David Wagner, who's currently in the thick of an A-to-Z blogging challenge, steered me to The Atlantic's profile of Don Johnson, the most famous blackjack player in the world. I'd never heard of Johnson, because my knowledge of gambling and casinos is limited to Las Vegas and surrounding areas by choice, being that I will be home in Henderson in the next few months, with easy access to Las Vegas. I've learned a little bit about Atlantic City by way of Super Casino: Inside the "New" Las Vegas by Pete Earley, which, in writing about the history of Mirage Resorts, along with the history of Circus Circus Enterprises, has a few pages about casino mogul Steve Wynn's experience in Atlantic City, running the Golden Nugget, as well as Las Vegas initially losing huge chunks of revenue when casinos opened in Atlantic City, since east coast Vegas visitors didn't have to go far for a casino.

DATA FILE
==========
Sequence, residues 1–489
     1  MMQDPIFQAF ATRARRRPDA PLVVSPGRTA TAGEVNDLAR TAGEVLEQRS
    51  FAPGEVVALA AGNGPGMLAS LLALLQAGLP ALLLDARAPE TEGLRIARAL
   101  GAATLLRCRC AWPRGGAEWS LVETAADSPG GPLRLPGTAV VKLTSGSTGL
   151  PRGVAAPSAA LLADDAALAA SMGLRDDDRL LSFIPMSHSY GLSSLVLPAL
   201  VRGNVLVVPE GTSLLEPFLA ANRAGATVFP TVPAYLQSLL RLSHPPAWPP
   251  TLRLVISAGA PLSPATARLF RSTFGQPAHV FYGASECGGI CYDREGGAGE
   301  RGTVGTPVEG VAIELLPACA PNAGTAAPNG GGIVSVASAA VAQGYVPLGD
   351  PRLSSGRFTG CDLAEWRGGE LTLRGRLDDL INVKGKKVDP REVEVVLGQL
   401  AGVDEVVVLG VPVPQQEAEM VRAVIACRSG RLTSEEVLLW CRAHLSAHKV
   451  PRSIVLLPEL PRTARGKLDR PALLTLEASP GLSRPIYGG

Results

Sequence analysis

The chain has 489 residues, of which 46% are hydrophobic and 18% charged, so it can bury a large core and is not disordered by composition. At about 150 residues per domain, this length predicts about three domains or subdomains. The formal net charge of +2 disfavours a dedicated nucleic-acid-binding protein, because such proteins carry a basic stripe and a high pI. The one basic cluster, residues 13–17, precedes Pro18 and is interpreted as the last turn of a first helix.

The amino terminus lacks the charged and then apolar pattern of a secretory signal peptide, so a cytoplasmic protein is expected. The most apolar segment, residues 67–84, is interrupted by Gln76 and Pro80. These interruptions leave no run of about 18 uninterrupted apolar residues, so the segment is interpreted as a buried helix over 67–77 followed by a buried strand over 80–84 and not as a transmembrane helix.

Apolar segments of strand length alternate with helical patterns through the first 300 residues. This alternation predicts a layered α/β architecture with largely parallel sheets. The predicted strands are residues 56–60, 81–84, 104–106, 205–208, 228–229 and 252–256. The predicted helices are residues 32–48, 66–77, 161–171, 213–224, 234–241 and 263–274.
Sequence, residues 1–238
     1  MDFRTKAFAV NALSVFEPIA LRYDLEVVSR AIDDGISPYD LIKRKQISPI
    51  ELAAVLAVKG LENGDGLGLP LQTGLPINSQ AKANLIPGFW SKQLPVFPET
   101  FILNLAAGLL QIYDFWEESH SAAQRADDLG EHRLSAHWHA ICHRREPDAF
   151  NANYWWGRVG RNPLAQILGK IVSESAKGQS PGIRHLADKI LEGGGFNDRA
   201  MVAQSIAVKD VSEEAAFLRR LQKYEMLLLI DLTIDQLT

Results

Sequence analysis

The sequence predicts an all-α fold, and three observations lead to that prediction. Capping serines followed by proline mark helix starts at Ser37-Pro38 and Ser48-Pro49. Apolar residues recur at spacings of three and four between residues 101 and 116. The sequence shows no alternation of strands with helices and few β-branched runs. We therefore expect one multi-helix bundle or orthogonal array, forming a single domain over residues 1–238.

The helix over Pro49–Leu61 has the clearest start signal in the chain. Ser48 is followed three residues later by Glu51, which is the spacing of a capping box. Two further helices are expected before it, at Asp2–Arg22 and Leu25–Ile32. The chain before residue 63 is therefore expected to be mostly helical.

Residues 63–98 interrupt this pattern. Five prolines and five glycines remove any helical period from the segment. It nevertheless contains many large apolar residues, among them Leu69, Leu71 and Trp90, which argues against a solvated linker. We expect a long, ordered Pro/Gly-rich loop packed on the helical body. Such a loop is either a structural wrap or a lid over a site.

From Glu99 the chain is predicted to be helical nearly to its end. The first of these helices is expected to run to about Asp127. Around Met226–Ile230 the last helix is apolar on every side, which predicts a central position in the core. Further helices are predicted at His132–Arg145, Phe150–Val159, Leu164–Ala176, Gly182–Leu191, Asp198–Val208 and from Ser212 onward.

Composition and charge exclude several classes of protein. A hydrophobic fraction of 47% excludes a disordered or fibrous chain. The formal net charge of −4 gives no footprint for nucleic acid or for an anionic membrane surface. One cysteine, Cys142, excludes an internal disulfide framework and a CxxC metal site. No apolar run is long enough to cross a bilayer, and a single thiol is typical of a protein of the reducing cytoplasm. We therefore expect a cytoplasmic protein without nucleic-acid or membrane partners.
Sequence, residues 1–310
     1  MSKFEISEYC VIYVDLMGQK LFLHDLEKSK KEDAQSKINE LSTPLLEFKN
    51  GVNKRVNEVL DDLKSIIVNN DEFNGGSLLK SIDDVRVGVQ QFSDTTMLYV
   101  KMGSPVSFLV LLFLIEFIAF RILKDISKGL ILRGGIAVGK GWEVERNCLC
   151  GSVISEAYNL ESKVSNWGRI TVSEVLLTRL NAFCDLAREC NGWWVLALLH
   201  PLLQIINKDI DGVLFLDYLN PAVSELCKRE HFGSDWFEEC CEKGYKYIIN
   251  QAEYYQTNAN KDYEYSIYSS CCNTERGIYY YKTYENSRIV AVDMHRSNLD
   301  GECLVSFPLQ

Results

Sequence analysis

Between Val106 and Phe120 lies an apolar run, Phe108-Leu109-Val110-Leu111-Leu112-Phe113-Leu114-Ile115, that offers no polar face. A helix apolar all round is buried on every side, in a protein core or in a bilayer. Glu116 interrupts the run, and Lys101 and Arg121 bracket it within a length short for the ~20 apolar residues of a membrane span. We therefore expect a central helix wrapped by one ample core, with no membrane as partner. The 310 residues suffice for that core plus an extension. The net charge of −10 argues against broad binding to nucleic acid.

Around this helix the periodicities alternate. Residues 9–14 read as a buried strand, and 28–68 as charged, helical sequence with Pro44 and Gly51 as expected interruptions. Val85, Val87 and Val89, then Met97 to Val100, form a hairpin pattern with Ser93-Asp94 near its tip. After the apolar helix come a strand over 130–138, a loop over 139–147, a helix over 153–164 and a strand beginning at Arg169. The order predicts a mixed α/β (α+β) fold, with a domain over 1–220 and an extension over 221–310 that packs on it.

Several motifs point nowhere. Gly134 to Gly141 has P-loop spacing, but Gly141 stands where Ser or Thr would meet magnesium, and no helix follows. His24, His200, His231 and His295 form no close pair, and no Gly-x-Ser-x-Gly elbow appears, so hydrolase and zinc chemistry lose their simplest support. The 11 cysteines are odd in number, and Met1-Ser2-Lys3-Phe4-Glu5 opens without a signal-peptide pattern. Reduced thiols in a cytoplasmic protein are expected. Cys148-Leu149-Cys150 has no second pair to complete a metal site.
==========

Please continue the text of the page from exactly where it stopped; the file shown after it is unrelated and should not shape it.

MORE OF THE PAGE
The profile is impressive, about someone who has studied blackjack closely, and not by card-counting. When I started reading it, I didn't even see who wrote it. But at the bottom, there was "Mark Bowden is a national correspondent for The Atlantic," and I should have known. Bowden is one of the greatest journalists in the history of journalism. He not only can find the story, but can unearth details that few other journalists even think to write about. His books are much the same way, with attention fully focused on those he writes about. He is merely the tour guide, subtly pointing out to us what we should know, not having to jump up and down and wave his arms wildly to do it. When he does refer to himself in a story, it's for the story, not himself. And whatever he writes, you can be sure that you'll be grabbed and held tightly to the story from the first word to the last.
Read about Don Johnson, and pay no attention to the journalist behind the curtain. He's all about the story, and you will be too.